How To Define Your Ideal Customer
You probably had your ideal customer in mind even before you started your business.
Since then, you’ve tweaked your products or services continuously, creating promos and highlighting features specifically to attract those customers, deliberately using language that they understand.
This is a great way to go about it, and it’s likely to be the focus of everything you do. But it’s not uncommon for businesses to make assumptions about what their ideal customers want and how much they need it. Defining your perfect customer or target market involves doing research to make sure you don’t mislead yourself about who is going to spend money on your product.
Where to start
It’s good to define your target market before you launch your business. Whether you’re in retail, hospitality, or any other industry or market segment, the defining process will allow you to test a lot of assumptions before you spend too much money on ineffective strategies. It’s also a lot cheaper to change your marketing tactics this early on. But, even if you’re not a new business, it’s always helpful to keep defining your ideal customer.
If, for example, you run a B&B, is your ideal guest a tourist? A travelling sales rep? Or is it someone who works in your area Monday to Friday and goes home on the weekends? Similarly, if you own a coffee shop, do you cater primarily to busy commuters rushing to get to work? Or do your best customers prefer to sit for an hour or two enjoying coffee and cake with their friends?
Of course, there are many more examples depending on your market segment. But once you have defined who your ideal customer is, you can tailor your product, service and marketing efforts to better meet the needs of your target audience.
How it helps
Defining your ideal customer or client can give you valuable insights into important data:
1. Is there actually a market for your product or service?
Do the research and find out if there’s a high enough demand to sustain your business long-term. Are people or businesses buying what you have to offer? How large a share of the market can you reasonably expect to win?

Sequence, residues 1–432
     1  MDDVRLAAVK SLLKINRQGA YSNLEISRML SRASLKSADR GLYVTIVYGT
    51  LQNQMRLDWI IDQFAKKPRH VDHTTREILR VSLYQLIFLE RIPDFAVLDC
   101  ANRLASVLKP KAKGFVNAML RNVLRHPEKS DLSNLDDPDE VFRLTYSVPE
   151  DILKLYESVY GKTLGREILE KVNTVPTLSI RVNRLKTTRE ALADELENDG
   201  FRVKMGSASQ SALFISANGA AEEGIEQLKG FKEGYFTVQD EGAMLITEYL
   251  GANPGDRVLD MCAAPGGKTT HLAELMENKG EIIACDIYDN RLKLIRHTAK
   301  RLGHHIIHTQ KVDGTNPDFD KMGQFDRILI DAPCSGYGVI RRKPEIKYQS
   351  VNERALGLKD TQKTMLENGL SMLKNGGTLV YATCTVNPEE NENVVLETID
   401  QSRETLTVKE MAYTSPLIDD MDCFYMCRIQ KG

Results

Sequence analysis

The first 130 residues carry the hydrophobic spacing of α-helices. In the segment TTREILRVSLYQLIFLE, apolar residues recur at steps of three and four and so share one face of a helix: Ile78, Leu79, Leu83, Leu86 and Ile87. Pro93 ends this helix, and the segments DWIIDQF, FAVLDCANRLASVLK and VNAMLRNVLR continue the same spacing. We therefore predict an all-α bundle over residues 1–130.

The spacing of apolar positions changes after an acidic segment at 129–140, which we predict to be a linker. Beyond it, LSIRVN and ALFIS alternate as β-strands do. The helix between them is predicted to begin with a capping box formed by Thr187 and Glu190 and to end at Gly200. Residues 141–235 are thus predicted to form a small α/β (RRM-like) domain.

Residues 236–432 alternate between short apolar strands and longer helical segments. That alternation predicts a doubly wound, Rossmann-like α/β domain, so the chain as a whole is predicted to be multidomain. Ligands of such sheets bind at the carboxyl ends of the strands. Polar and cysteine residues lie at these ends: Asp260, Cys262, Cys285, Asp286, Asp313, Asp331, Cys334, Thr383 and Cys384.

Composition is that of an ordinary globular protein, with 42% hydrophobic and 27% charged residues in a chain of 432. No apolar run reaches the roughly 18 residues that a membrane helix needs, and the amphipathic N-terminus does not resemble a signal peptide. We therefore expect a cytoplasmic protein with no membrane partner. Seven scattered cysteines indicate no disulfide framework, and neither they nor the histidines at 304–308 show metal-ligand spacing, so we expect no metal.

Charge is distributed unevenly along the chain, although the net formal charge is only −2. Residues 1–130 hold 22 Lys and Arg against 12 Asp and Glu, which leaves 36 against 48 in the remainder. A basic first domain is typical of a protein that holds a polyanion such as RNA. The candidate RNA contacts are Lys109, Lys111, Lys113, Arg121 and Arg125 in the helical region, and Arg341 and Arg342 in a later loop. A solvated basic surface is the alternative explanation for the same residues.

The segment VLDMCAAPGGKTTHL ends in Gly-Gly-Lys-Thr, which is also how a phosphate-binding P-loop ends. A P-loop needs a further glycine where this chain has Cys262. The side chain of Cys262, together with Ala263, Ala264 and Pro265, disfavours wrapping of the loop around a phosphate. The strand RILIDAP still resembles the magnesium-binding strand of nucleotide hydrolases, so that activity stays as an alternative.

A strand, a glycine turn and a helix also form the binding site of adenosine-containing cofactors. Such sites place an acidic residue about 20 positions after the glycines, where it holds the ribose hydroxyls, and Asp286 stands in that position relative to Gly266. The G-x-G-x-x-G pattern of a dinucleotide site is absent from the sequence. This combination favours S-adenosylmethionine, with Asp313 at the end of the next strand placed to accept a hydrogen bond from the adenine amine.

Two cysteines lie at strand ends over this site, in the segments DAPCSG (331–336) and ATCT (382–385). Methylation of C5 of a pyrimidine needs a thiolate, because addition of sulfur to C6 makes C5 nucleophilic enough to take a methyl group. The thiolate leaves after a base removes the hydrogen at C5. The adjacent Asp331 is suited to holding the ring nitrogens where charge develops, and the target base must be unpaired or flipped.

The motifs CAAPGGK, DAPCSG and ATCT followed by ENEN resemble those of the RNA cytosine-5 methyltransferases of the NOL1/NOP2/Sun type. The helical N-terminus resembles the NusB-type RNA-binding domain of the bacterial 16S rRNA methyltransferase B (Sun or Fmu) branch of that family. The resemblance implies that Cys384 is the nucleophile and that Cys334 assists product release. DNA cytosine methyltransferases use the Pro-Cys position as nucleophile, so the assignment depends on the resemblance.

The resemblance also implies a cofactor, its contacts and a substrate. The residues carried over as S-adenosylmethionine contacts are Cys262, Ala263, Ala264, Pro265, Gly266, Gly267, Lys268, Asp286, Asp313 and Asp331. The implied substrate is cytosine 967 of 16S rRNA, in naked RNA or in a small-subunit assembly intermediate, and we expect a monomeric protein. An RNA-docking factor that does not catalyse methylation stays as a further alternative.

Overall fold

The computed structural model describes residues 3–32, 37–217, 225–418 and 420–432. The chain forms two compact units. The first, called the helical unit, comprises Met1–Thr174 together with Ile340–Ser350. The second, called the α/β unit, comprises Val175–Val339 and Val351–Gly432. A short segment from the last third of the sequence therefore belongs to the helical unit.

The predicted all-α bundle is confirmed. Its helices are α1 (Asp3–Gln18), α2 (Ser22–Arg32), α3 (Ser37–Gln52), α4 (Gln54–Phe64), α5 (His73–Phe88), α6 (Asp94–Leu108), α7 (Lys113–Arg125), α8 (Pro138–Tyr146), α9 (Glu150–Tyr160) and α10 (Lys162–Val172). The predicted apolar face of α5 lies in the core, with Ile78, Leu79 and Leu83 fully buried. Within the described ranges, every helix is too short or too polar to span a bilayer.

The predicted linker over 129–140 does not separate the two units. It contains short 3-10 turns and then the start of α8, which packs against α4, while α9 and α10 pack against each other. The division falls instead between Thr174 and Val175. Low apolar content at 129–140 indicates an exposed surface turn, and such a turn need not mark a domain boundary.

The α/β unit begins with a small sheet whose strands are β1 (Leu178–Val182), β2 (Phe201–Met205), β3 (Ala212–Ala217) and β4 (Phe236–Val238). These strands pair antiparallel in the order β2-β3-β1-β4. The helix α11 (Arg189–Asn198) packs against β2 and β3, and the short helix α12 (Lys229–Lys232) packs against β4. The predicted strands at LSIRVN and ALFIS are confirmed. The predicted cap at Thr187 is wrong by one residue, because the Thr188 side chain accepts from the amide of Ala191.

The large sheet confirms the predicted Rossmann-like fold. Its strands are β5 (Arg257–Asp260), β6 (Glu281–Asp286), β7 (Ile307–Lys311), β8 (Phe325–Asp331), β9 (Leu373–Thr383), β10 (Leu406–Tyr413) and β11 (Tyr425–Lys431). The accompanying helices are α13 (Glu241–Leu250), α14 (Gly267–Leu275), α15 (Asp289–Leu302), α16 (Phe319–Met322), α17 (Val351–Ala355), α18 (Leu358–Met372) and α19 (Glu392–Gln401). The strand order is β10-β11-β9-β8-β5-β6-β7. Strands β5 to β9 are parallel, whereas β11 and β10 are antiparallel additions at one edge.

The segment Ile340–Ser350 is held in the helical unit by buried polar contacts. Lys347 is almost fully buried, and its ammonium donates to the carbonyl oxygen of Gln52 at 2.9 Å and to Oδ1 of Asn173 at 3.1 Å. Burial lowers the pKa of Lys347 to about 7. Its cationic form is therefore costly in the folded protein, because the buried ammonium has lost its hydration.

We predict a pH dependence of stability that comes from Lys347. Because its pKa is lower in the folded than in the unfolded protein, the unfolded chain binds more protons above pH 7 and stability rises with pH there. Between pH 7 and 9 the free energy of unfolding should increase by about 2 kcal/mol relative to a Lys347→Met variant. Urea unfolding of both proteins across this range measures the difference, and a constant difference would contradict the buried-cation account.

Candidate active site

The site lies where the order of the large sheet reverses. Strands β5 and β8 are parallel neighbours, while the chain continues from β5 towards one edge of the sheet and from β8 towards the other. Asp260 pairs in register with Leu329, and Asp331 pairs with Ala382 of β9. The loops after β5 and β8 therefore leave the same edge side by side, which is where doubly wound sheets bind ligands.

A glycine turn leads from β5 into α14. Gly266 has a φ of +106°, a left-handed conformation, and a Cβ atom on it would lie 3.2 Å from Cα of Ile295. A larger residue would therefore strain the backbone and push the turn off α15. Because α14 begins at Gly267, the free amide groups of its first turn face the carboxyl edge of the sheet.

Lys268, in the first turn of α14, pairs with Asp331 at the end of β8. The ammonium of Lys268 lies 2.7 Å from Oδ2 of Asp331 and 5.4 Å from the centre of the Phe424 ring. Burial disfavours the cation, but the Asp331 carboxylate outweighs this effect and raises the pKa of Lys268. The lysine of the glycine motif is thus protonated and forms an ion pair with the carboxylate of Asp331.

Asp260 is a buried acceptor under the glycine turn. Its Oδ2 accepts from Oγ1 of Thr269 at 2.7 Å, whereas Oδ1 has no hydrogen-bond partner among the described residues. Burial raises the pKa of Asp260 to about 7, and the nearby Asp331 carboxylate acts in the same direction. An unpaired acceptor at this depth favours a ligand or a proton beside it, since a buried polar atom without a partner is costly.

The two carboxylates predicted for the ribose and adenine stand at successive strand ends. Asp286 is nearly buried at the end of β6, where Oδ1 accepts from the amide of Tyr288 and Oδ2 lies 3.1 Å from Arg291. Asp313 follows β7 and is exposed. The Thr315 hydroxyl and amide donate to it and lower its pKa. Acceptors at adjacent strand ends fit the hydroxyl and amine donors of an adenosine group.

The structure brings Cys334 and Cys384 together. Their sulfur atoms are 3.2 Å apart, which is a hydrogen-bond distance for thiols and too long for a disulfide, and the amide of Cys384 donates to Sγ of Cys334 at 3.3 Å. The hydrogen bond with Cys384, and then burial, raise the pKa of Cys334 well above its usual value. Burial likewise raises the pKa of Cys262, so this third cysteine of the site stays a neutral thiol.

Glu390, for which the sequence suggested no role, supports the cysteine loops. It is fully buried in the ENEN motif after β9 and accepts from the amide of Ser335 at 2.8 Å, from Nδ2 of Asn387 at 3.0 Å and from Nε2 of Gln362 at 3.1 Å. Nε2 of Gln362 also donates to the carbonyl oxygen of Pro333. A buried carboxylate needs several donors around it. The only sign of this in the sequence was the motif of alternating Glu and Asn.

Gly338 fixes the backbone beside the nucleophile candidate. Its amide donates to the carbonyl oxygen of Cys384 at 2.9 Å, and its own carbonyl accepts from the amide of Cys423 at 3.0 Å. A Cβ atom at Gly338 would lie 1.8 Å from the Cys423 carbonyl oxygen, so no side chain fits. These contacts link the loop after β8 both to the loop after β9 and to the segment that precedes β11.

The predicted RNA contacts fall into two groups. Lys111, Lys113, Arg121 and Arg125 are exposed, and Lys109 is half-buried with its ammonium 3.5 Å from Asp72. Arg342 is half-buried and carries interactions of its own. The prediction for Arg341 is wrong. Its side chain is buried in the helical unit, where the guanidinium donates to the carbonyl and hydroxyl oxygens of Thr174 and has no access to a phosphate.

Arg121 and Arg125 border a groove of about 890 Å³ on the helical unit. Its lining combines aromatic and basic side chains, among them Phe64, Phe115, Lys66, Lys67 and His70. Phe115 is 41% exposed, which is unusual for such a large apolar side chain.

2. Who are the customers in your market?
Once you’ve confirmed there are enough customers out there, it’s time to get more focused. Ask yourself who those people are. To which age group do they belong? Do they work in specific industries or sectors? Where do the majority live and work? Do they share the same interests and hobbies? How much do they earn on average? Is your ideal customer a man, woman, or are you targeting both?
3. How do your customers think?
Now that you’ve identified who your ideal customers are, you can begin to dig a little bit deeper. What do your customers care about? You can use this information to promote the benefits of your products and services that consumers are likely to find most relevant. How and where do they shop? Getting your products in front of your customer is half the battle, especially if they like to shop online. Where do they find product information? This is where you want to run your PR, ads and promos. Who do they turn to for advice? See if you can enlist key opinion leaders to give your brand a stronger profile.
The internet is a great resource for demographic data. You can browse statistics on your target customers, and you’ll have access to credible research carried out by trade and industry groups, marketing institutions and even companies you’re competing against.
Where to go from there
Now that you have enough information, you’re ready to start a conversation with your customers. There’s nothing better than hearing their input one on one, via focus groups, questionnaires or surveys. If you already have a following on social media, be sure to visit the same forums as your customers, so you can learn what moves them, what concerns them most and what they love or hate. If you don’t yet have a following, try investing in some targeted content marketing to expand your online presence.
While it’s true that defining your target market is just the first step in finding your ideal customer, if your business is still in the start-up phase, then there’s no need to get carried away by the process. At this point, you’ll be aiming to confirm there is an actual market there, and you want to learn a little about who the people in that market are. Too much research now might well see you clogged down in data and could slow your other business efforts. But, as your business progresses, you’ll want to continue to learn more about your target customers.
Remember, the better you know your target customers, the better you can understand their wants and needs, and the smarter, and more cost-effective, your marketing will be.